Mathieu: So let's assume the First Circuit decision stands, Daniel. Does he get a completely new trial? Is it just new sentencing? And if that's the case, would it be for some or all of the crimes? How does all that work?

Medwed: Yeah, it is confusing. Here's the upshot. Basically, there are two trials embedded in a death penalty case. The first one is the guilt phase. The second one is known as the penalty or sentencing phase. Both trials occur in front of the same jury. At Tsarnaev's guilt phase trial back in 2015, the jury convicted him on 30 different counts. Then at the sentencing phase, it imposed death sentences on six of those 30 counts. The consequence of this First Circuit decision is basically just to reopen the sentence for the six death penalty counts. It's not a question of whether he'll be found guilty or innocent — that question has been resolved — it's just a question of whether he will get life or death. As for the remaining 24 counts, three of them were actually tossed in Friday's decision for technical reasons that I won't really go into. But the 21 remaining convictions remain intact, including many, many life sentences. So Tsarnaev isn't going anywhere. He's going to spend the rest of his life in a horrible supermax facility in Florence, Colorado. The only real question is whether he'll face a new death penalty trial on those six counts.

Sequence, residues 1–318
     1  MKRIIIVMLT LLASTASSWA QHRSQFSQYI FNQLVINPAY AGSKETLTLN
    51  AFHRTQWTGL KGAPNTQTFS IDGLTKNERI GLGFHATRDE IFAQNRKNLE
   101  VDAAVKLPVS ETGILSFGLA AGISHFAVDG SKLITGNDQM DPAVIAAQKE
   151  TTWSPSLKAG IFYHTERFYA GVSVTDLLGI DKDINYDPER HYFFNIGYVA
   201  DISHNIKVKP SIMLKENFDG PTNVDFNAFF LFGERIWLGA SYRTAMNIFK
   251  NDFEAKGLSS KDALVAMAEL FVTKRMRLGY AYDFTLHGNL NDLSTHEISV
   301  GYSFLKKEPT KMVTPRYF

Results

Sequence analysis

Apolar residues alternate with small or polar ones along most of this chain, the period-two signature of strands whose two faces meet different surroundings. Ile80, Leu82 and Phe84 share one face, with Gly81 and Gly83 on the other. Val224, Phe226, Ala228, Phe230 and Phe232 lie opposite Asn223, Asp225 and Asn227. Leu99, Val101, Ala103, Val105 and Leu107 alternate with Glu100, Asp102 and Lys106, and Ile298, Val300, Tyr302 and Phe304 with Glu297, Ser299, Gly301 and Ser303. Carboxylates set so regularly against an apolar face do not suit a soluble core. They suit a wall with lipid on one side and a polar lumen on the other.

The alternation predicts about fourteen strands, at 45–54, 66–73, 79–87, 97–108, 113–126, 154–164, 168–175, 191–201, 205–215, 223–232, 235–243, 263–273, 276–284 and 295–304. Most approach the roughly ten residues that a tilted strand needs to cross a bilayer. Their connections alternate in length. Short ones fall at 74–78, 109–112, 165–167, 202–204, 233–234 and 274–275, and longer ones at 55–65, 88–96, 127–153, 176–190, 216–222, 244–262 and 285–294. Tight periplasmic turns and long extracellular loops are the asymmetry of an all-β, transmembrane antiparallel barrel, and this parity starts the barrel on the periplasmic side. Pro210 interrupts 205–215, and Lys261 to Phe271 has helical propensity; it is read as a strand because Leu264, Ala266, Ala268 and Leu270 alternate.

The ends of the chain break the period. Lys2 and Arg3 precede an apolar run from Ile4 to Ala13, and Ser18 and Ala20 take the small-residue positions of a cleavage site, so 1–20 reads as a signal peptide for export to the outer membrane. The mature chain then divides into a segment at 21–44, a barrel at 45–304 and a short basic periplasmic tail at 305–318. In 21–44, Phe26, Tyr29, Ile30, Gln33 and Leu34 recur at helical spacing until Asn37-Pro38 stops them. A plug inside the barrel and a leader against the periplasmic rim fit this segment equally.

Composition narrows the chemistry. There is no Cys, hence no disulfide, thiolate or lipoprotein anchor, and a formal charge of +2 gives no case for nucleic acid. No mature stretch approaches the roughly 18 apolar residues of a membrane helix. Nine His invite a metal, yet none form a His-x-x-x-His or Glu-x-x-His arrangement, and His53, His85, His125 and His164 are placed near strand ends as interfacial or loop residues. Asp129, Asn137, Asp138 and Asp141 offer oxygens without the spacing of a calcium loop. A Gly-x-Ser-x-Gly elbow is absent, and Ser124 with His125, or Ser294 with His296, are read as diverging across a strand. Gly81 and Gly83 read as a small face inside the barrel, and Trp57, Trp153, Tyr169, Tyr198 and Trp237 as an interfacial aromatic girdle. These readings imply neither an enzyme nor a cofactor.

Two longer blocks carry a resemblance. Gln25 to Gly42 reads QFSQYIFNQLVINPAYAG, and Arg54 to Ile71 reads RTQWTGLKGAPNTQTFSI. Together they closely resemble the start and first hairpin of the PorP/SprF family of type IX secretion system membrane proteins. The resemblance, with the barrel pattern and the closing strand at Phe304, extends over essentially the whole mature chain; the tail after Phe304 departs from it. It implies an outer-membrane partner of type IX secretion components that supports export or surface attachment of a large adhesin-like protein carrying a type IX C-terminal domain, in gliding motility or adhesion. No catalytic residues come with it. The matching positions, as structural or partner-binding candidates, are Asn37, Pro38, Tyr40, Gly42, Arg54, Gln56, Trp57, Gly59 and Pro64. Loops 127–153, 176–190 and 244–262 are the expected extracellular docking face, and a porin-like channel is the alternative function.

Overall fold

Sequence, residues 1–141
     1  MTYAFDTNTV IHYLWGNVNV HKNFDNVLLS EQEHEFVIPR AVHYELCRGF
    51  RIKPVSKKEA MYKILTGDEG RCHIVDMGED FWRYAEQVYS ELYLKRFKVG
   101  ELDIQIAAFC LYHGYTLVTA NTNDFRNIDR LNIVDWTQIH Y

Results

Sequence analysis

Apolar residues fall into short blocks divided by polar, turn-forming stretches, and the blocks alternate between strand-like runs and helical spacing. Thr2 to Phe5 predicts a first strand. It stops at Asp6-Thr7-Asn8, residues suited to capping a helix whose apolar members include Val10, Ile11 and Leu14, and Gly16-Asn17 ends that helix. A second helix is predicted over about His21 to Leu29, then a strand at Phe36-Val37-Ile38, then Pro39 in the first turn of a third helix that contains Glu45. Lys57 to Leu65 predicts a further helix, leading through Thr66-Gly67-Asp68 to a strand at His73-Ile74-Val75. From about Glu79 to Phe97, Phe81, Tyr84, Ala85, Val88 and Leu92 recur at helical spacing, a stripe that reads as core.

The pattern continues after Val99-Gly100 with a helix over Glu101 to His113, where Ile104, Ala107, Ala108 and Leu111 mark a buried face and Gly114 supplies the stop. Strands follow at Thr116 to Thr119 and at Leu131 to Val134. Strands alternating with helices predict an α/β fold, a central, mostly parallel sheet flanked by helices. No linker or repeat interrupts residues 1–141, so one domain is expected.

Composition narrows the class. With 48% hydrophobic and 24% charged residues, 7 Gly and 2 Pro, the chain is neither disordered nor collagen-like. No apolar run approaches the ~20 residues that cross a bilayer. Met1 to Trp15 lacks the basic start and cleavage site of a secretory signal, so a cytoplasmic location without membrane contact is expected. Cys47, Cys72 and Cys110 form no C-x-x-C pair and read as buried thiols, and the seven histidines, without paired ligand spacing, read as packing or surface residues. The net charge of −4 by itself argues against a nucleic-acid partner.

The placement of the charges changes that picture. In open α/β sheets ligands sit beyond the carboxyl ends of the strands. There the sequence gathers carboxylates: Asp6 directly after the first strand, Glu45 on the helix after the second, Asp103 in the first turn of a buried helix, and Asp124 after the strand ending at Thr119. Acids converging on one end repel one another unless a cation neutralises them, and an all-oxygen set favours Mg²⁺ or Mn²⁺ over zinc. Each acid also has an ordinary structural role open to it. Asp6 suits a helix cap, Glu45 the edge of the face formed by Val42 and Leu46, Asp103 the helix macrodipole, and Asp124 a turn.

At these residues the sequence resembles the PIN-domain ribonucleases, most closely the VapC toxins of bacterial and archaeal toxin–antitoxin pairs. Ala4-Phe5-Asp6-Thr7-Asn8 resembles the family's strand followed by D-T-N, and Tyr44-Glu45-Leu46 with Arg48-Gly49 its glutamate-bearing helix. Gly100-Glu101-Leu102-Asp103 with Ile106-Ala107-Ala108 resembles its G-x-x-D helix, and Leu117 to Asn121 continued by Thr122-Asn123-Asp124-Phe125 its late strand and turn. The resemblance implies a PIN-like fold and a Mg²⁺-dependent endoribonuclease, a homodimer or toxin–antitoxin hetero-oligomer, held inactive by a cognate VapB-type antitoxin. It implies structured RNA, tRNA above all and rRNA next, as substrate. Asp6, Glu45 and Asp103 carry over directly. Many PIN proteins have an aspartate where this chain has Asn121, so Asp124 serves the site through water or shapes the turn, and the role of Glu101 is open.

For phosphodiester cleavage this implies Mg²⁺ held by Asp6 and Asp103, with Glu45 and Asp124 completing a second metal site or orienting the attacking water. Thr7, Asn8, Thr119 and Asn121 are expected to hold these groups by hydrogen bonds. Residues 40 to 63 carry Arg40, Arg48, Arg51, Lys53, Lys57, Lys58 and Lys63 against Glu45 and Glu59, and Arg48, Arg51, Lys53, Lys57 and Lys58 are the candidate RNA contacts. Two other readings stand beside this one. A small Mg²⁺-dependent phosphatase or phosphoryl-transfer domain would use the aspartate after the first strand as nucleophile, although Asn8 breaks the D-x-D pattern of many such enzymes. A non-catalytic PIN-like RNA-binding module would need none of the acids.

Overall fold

Mathieu: We're out of time, Daniel, but do you think that will happen?

Medwed: I think President Trump and Attorney General Barr, maybe in collaboration with our local U.S. attorney's office, may seek a new death penalty trial. But depending on the outcome of this November's presidential election, we'll have to see whether that actually occurs in 2021.